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Horsefeathers!

Doggy dental care for the dog that doesn't like to chew

7 posts in this topic

My little Peanut Poodlet is having a horrible time with her teeth. To be totally honest, they are AWFUL. I stepped out of my car for a few minutes the other day leaving only her and Devin in the car and when I got back in, I thought someone had pooped in there. It stank that bad :o ! It was Peanut's breath. I've been trying to help her naturally clean her teeth by giving chicken necks (she's about 8ish lbs), Greenies, various Nylabones and chews, but she is simply not a chewer. She'll gnaw on a chicken neck for a few minutes, but loses interest. She doesn't chew hard snacks or kibble, either. She'll lick h*ll out of anything (couches, carpets, floor vents, ugh! :o ), but just isn't a chewer.

Anyway, so now her teeth look awful, her breath stinks and her gums are bleeding. She saw the vet today and she's going to run a course of antibiotics, we'll do bloodwork on Friday and sometime next week she'll have a dental. I hate the thought of having to fully anesthetize my dog to clean her teeth, but I don't know what else to do. Any suggestions on how I can KEEP them clean once we have them under control? I've never been one for a lot of dog tooth brushing :oops: (most of my dogs' teeth are in good shape, even the ones that are seven years old and have never needed a dental), but is this what I'll need to do? She's only five years old and this will be the second time she's been put under for a dental. She's a good dog and I don't doubt she'd let me scrape at them, but I'm uncomfortable doing it myself since they're in the shape they're in. I've known of dogs who died when bacteria from the mouth got into the bloodstream (or something like that?).

So how do I KEEP these little teefies clean once we do this?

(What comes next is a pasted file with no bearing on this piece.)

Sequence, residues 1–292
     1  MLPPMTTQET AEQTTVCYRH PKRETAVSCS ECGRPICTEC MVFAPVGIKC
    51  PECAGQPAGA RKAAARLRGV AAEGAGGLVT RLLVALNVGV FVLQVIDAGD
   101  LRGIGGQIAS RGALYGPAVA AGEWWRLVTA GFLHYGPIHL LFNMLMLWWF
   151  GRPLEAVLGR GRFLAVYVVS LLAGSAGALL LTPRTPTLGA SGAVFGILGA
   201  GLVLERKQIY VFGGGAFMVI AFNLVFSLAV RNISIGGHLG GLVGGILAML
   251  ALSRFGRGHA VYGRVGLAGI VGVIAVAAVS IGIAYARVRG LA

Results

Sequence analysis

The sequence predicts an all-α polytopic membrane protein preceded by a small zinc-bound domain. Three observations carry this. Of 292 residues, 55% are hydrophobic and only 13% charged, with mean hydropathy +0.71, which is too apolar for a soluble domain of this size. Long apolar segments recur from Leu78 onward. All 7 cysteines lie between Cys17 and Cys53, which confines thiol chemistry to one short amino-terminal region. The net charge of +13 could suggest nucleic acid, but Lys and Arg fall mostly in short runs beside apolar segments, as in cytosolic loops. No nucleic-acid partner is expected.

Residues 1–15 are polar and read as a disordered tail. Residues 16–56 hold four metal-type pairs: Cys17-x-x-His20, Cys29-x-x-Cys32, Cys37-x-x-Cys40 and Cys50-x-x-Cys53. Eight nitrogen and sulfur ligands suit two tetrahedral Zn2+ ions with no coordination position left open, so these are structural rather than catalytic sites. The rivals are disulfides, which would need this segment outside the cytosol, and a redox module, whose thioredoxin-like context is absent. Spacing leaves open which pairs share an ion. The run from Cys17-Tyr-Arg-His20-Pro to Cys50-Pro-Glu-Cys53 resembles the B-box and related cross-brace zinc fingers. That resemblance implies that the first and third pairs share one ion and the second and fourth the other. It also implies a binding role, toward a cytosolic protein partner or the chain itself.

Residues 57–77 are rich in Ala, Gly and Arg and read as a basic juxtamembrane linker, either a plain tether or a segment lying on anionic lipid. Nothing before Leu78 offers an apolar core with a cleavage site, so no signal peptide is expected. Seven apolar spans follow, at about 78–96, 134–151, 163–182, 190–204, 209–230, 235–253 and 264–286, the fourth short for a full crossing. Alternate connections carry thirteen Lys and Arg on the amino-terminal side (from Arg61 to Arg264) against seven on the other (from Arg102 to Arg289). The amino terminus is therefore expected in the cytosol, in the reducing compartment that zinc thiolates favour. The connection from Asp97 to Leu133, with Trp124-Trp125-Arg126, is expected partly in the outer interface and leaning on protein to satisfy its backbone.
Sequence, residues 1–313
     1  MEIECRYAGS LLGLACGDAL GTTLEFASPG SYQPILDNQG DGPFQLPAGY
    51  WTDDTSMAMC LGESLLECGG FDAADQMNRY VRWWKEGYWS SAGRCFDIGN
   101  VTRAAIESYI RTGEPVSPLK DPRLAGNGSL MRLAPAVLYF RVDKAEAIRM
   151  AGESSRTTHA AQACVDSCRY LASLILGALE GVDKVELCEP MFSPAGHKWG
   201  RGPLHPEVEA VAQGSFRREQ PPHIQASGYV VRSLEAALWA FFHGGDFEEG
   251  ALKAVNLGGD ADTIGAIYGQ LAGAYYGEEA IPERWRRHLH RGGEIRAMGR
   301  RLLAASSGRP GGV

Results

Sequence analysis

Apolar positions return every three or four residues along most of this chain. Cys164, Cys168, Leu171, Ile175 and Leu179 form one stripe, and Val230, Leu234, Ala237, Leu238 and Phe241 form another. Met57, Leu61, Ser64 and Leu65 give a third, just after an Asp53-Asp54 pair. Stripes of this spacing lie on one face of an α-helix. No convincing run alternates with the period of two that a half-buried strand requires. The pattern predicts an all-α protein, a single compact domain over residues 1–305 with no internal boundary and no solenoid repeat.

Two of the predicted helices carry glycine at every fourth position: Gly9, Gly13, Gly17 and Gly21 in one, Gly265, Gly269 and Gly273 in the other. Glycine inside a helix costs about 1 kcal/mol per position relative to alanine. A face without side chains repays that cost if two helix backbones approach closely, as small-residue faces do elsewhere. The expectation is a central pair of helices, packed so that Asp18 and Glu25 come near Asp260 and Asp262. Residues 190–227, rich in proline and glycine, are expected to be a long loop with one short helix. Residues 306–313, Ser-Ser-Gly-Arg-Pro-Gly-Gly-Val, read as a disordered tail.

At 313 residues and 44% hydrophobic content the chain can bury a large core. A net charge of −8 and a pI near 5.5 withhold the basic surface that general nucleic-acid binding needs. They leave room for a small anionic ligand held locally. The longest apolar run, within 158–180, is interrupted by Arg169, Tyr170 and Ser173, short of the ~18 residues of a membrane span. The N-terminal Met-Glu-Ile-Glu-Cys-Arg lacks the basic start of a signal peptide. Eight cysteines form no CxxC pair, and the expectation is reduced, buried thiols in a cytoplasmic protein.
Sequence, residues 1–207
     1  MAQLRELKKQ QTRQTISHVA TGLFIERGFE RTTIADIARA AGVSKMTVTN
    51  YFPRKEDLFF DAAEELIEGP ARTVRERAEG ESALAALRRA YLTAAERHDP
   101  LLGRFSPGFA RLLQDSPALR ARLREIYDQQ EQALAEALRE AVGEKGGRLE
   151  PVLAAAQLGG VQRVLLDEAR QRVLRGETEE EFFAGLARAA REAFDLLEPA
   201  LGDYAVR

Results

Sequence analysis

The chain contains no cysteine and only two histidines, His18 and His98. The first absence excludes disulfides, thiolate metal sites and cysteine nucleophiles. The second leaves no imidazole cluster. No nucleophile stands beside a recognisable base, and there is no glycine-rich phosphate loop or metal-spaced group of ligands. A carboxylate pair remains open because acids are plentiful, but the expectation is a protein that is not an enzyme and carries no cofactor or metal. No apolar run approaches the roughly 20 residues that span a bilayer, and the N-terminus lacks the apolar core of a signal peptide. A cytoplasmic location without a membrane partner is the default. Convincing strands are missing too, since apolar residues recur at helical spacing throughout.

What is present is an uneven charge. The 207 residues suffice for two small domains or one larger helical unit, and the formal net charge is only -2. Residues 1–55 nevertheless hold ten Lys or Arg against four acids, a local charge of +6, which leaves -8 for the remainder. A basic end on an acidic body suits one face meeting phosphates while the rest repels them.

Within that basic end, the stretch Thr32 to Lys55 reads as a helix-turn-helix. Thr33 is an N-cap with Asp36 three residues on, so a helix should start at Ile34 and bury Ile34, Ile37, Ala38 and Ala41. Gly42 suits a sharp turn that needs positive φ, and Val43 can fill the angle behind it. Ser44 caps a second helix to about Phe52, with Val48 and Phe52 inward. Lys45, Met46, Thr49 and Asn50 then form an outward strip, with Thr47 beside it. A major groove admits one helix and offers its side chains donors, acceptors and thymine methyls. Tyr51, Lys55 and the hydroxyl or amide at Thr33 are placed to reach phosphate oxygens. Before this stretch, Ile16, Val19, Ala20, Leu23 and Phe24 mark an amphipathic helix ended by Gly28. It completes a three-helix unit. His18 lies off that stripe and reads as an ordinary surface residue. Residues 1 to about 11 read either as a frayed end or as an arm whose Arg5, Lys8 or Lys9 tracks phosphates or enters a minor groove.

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[quote name='Horsefeathers!']I've known of dogs who died when bacteria from the mouth got into the bloodstream (or something like that?).[/quote]

yep, that's what the risk is, unfortunately. :(

unfortunately, the largest problem are genetics. if your dog is predisposed to bad teeth, you have to fight a constant battle. not even a completely raw diet and daily chewing of bones will necessarily do the job.

brushing is important. even if you brush irregularly it's better than not at all.

other things that support clean teeth are probiotics, like in a good quality cultured yogurt, green tripe ([b]very[/b]stinky but soft and the natural acidity of the cow stomach helps to keep teedh clean), apples, and high doses of vitamin C (build up slowly to 250 to 500 milligrams per 10 pounds of body weight daily). apple cidar vinegar might help as well.

most commercial dental cleaning chews are bogus.

what you can also try is something like suzy's tartar liquid directly into the drinking water.

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Hey, thanks! I actually didn't know what green tripe was (knew what tripe was, but didn't know "green" :oops: ) and asked the meat feller at the market today. He showed me. So if I buy some of this, do I just cut off a chunk of it and give to her? How much and how often?

I do give my guys cultured yogurt from the health food store and I picked up some apples while I was at the store today. I never would have thought about apples! It wouldn't hurt me to eat some fruit, too :oops: , so apples will work for both of us. 8)

I have a bottle of apple cider vinegar here, still unopened, because I really don't know what to do with it. How do I "dose" it for an 8ish lb dog? Is it used just as an additive?